The Court of Appeal did not completely shut the door to the use of post-SPA material, however, even in a non-exceptional case.
In MDW, it was unclear from the company’s records how much waste has been illegally dumped pre-sale. The extent of such over-disposal was material to quantum. The buyers could point to evidence of the extent to which excess waste arose post-sale. The buyers wished to use such evidence to shed light on how much had likely been illegally disposed pre-sale. The Court of Appeal permitted such evidence to be adduced. In doing so the Court held that that it was legitimate to use evidence of post-sale matters to shed light on events which had already taken place by the date of sale.
MDW has subsequently been considered in several cases.
An interesting example is Arani v Cordic  EWHC 95 (Comm), decided earlier this year, in which Adam Solomon KC and I acted for the sellers. We were instructed by Richard Marshall, Oliver Cooke and Lauren Cormac at Penningtons.
Arani v Cordic
In Arani, the target company had created an app for use by taxi companies and drivers.
For facilities such as pick up and drop off, the app relied upon the Royal Mail address database.
If a licence for the address database had been duly purchased by the company for every taxi company and taxi driver who used the app it would have cost in the order of £2m per year.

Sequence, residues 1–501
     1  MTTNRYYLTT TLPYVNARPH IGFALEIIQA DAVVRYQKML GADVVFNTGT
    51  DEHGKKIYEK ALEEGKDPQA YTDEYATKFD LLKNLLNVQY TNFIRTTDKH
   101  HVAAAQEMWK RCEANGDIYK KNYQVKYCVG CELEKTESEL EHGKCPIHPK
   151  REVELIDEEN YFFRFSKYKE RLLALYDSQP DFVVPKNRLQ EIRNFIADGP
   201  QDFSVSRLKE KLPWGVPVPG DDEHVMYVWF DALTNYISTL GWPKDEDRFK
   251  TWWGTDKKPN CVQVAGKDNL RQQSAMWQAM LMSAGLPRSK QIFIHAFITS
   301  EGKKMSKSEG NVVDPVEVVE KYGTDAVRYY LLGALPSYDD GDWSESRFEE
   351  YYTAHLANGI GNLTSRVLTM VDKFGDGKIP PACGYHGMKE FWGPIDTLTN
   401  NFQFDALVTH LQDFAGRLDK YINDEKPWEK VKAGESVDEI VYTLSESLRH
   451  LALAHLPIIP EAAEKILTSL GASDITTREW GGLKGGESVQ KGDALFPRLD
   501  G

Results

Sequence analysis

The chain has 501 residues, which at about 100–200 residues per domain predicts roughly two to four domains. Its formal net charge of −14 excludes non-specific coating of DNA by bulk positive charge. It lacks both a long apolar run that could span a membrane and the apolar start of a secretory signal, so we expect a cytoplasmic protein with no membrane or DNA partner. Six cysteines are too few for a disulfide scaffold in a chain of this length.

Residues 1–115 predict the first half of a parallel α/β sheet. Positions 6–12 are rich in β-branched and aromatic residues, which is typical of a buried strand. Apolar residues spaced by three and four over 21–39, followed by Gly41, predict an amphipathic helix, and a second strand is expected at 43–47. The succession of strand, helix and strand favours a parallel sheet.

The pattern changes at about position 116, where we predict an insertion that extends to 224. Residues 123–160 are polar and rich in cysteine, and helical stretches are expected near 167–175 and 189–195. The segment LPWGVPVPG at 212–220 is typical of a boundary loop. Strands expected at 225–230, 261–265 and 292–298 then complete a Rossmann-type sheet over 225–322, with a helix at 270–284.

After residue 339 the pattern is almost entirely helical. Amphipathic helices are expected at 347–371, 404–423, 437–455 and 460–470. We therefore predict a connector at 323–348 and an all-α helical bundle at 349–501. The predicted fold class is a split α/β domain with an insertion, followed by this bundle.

Instead, however, the company purchased a single user licence at c.£200 per year. They then extracted the address data from the database and supplied it as part of their app to their many taxi company customers and drivers.
Such conduct placed the company in breach of its licence for use of the address data.
When the target company was sold the breach of licence was not revealed, in breach of the SPA warranties.
In the event no claim was brought by Royal Mail. This was, however, plainly irrelevant to the calculation of damages given the Court of Appeal’s decision in MDW.
In terms of damages based on the ongoing licence costs to the company, the buyers argued that a reasonable purchaser would envisage the company continuing to use Royal Mail data but on a properly licenced basis, and so at c£2m p.a. With a springle of the usual expert accountant’s alchemic dust, this was translated to potential diminution of share value claim of £32m.
The sellers, however, pressed for and were able to obtain disclosure of what the buyers had in fact done post-sale upon discovering the licence breach. The disclosure showed that under the buyer’s direction, the target company had not proceeded with Royal Mail but rather had adopted an alternative solution with Bing Maps at a cost of only c£100k per year.